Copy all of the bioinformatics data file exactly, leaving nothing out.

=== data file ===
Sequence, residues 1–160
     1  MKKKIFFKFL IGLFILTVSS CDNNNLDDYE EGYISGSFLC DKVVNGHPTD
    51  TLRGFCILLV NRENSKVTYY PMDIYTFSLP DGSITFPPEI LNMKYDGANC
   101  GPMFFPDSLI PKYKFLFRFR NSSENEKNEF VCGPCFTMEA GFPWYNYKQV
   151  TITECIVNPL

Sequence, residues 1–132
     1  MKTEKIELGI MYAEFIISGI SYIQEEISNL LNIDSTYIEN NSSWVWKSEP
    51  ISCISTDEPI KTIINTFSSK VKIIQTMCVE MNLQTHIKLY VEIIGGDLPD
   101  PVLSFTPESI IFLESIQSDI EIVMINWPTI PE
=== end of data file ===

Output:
Sequence, residues 1–160
     1  MKKKIFFKFL IGLFILTVSS CDNNNLDDYE EGYISGSFLC DKVVNGHPTD
    51  TLRGFCILLV NRENSKVTYY PMDIYTFSLP DGSITFPPEI LNMKYDGANC
   101  GPMFFPDSLI PKYKFLFRFR NSSENEKNEF VCGPCFTMEA GFPWYNYKQV
   151  TITECIVNPL

Sequence, residues 1–132
     1  MKTEKIELGI MYAEFIISGI SYIQEEISNL LNIDSTYIEN NSSWVWKSEP
    51  ISCISTDEPI KTIINTFSSK VKIIQTMCVE MNLQTHIKLY VEIIGGDLPD
   101  PVLSFTPESI IFLESIQSDI EIVMINWPTI PE